Thanks for all the great feedback on our new video series on Jitter. Click the link to our YouTube channel so you can view what you want. We’ll be adding a new video or two on the subject of digital audio and jitter each week, so hopefully we can all share a lot of what’s interesting to you. Ted Smith is a fascinating fellow and just sitting down to chat with him is a real treat. Ted’s been working with us for a couple of years now. He was involved with the Mark II upgrade to the PWD and you’ll see more of the results of this collaboration soon enough. Wink, wink.
Continuing our story of the Digital Lens RAM buffer product, introduced in the mid 1990′s, Arnie Nudell and I decided to break from loudspeakers and jump into the fray with a new product concept, the Digital Lens; a RAM based digital rebuilding instrument (kind of like a Power Plant of digital audio). Before the Lens was introduced there were jitter reduction devices aplenty, but none like what we were contemplating.
To build a “perfect” jitter reduction device we would have to accept the incoming data from a CD player, strip the clock from its data, store the data in a memory and then recombine that data with a new, low jitter clock. Sounds simple enough but when we went to mechanize it we discovered a problem: the CD players were all running relatively out of time from an accurate clock. From the CD designer’s perspective this mattered not because in a digital audio system, the CD player becomes the master timekeeper in the system. That’s right, whatever is feeding your DAC has control over the timing, the jitter, the pacing. It has control of everything and the DAC is just a slave. So CD player designers didn’t really care if they were a bit slower or faster than what’s considered accurate because the DAC didn’t know any better. But the Digital Lens did know better.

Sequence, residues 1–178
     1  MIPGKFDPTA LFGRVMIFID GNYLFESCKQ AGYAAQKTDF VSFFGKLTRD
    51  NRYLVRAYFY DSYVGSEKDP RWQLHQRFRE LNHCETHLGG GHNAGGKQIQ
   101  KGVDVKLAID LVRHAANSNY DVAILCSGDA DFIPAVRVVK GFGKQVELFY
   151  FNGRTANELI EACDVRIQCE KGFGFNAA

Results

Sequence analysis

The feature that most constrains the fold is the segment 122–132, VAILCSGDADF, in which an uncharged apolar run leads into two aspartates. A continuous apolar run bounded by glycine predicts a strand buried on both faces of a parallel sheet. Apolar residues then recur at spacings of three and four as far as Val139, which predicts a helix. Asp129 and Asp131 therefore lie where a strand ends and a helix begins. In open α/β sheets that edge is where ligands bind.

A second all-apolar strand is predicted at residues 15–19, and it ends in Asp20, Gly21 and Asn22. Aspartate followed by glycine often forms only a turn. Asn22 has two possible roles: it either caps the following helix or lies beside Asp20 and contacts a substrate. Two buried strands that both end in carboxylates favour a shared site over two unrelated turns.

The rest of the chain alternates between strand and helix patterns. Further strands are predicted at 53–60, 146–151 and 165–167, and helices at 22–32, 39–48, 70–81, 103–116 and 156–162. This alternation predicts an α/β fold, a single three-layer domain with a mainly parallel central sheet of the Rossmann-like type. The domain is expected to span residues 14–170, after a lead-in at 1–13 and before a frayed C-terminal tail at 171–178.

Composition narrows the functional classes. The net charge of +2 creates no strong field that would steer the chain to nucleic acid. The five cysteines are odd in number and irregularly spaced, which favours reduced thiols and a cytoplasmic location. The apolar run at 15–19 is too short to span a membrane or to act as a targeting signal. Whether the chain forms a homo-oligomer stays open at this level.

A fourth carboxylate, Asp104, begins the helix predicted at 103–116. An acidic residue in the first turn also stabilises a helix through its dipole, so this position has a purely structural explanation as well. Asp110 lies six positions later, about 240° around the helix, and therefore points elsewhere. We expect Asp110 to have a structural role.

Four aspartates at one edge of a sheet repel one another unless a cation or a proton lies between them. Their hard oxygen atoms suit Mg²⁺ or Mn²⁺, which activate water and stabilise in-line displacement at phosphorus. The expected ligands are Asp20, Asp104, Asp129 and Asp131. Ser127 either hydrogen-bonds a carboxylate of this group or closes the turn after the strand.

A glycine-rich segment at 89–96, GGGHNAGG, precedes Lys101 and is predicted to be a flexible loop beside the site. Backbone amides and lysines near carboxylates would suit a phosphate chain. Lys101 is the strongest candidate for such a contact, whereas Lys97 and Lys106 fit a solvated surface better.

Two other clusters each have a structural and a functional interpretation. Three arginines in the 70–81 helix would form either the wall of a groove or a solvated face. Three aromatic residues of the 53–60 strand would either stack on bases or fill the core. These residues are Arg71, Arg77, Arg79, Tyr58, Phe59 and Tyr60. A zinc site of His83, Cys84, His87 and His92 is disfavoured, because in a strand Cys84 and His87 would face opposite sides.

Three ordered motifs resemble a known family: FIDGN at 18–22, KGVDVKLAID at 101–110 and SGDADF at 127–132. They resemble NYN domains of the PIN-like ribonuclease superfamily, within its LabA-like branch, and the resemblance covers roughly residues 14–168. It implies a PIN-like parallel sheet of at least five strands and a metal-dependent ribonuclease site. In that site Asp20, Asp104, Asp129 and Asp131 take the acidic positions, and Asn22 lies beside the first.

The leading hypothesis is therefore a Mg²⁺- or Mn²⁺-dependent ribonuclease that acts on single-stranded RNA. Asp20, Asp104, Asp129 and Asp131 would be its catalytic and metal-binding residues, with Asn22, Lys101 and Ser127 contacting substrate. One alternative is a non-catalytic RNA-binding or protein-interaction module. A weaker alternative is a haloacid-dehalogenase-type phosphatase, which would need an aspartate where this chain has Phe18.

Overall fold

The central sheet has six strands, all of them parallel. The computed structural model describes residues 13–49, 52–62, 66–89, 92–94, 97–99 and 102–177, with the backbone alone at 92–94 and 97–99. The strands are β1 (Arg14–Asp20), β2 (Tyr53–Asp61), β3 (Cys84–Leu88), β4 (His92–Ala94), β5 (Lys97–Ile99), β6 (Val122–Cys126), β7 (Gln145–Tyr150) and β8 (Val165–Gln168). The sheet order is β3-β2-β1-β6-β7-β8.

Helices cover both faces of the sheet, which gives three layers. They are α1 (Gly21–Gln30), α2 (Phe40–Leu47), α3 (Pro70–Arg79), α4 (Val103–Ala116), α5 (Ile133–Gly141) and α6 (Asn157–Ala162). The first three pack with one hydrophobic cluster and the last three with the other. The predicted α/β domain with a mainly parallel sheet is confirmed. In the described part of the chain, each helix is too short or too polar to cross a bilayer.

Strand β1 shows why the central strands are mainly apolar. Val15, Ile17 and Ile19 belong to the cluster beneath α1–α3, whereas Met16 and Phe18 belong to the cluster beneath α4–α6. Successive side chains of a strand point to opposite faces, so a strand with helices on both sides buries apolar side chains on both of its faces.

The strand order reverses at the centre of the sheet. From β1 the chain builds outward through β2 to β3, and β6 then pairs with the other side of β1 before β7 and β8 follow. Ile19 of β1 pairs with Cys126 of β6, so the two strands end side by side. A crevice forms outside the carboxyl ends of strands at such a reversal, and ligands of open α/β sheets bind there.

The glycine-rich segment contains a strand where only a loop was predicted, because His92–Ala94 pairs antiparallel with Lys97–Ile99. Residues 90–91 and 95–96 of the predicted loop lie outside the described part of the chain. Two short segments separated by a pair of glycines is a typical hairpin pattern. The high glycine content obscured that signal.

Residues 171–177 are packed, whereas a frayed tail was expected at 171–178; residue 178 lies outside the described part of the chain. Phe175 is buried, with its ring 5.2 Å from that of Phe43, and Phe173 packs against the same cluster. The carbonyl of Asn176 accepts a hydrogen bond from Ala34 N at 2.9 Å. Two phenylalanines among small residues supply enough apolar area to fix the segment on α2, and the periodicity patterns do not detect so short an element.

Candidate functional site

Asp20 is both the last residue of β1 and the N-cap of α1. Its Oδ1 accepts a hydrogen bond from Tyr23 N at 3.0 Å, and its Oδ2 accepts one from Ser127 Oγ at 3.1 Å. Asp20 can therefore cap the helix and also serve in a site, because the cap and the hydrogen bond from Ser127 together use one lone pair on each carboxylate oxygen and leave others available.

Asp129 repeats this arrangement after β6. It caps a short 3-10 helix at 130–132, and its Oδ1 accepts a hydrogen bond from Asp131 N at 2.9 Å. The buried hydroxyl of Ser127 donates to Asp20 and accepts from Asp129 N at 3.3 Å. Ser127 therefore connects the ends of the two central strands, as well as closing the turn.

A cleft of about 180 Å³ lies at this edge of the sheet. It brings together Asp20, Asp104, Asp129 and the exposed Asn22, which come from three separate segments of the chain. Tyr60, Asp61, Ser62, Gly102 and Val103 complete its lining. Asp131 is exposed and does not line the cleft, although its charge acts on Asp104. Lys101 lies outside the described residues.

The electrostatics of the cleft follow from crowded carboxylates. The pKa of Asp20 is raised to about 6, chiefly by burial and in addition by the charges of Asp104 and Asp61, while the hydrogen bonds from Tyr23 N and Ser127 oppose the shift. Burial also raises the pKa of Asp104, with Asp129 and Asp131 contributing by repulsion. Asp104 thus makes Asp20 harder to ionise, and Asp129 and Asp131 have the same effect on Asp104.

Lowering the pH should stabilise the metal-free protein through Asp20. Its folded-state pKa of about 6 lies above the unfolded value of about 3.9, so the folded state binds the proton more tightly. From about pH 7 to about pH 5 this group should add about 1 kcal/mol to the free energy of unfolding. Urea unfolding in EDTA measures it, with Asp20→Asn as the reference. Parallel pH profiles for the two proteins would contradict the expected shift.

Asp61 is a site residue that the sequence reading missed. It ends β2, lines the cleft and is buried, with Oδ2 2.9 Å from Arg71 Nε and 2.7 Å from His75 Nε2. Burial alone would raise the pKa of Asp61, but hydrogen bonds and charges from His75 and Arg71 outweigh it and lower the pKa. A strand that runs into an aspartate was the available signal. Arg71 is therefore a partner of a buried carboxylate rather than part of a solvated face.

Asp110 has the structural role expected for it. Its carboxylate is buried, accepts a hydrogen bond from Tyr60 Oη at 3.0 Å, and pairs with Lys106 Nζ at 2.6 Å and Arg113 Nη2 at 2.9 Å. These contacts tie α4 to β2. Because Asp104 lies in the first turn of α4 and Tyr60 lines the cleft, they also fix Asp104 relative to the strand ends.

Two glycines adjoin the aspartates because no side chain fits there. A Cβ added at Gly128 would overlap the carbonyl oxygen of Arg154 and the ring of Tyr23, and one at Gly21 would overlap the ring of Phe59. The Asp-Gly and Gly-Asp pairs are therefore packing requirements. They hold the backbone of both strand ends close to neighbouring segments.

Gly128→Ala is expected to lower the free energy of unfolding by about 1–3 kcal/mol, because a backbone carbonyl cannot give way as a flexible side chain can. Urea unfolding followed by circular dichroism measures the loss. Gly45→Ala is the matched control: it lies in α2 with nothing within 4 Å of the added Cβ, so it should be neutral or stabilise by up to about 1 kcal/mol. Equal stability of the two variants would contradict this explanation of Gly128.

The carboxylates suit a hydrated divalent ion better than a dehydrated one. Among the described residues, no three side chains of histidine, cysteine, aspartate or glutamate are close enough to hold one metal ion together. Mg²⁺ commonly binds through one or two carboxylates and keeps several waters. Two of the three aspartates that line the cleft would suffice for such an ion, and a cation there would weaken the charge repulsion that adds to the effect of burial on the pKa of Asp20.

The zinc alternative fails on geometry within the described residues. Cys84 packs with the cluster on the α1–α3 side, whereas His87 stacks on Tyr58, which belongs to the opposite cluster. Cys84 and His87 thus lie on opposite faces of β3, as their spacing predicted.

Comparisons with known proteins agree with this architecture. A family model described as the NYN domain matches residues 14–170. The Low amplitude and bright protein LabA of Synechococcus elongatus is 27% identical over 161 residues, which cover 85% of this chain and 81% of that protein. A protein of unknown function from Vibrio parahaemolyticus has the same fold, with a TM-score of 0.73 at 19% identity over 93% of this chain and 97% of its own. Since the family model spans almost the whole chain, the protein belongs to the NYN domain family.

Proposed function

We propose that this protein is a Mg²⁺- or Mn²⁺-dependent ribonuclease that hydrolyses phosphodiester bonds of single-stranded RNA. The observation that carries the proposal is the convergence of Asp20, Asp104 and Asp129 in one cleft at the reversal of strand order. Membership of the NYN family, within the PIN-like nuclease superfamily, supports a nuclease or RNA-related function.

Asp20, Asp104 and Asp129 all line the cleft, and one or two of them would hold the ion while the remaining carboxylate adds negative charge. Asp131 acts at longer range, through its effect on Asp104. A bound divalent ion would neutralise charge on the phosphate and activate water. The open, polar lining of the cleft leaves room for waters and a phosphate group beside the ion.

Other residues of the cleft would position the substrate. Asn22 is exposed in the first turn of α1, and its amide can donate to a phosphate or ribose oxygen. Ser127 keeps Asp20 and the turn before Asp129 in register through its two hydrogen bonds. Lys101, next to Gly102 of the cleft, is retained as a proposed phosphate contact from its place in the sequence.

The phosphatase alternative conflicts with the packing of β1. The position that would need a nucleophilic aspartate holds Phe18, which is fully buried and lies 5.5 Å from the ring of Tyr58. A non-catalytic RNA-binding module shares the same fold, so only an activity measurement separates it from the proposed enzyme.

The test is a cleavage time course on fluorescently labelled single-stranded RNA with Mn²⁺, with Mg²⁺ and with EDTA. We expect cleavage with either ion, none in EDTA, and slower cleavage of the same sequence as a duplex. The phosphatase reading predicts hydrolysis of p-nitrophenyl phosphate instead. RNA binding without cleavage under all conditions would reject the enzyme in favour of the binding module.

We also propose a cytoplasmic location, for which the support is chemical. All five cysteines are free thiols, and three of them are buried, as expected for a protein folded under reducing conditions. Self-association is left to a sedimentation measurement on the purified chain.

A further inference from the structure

What was surprising to us was the amount of variability and to what products the timing error applied to. CD players that were in the many thousands of dollars were some of the worst, while cheap CD players and transports were close, but still off. To make matters worse, none of the players were consistently off in terms of timing. They would speed up, then slow down, all within the course of playing a single CD. There was simply no standard these players were following. Our prototype Digital Lens had a precisely timed, expensive reference clock that was accurate to many parts per million. CD players were all over the map.
So the first challenge we faced building a practical RAM buffer reclocking circuit was measuring the error of the CD players. Why was this important? Because if the player was slower than our master reference clock, we’d have to tell the RAM buffer inside the Lens to fill up before it started delivering the data to the DAC. And if the CD player was too fast, we’d want to deliver the data immediately but assign enough RAM space to we wouldn’t have an overflow problem. This was not trivial stuff and during the course of a single CD play, the players could vary from too fast to too slow. We’d have to measure that difference and assign the buffer to respond accordingly.
The first result of our designing a measurement system for speed error quickly turned into a new feature on the soon-to-be product: a PPM error readout on the front panel (we couldn’t resist). Yup, once we had to figure out how far off each player was from the reference, we wanted to immediately display the error for customers to see. This was actually our chief engineer’s idea, Bob Stadtherr, who gently suggests things like “you know, we could display the errors if we wanted to ……” That’s about all it takes to ring my bell and so it becomes a feature.
The errors were measured in PPM (Parts Per Million). This was a great idea and helped sell Digital Lenses, only there was a problem. Remember I told you that the more expensive players had worse errors than the lower cost ones? Just imagine the flack we got from owners of $20K transports who had timing errors worse than a $500 CD player. They couldn’t believe what they were seeing.
It wasn’t pretty.